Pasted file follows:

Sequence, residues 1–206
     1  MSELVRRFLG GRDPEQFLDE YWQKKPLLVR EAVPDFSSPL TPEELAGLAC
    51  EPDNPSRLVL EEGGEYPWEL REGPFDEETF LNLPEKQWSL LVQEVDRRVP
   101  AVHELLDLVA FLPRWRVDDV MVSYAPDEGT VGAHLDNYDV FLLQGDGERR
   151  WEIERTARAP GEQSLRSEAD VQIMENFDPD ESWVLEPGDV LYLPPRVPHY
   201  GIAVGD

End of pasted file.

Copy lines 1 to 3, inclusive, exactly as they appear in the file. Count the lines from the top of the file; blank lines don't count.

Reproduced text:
Sequence, residues 1–206
     1  MSELVRRFLG GRDPEQFLDE YWQKKPLLVR EAVPDFSSPL TPEELAGLAC
    51  EPDNPSRLVL EEGGEYPWEL REGPFDEETF LNLPEKQWSL LVQEVDRRVP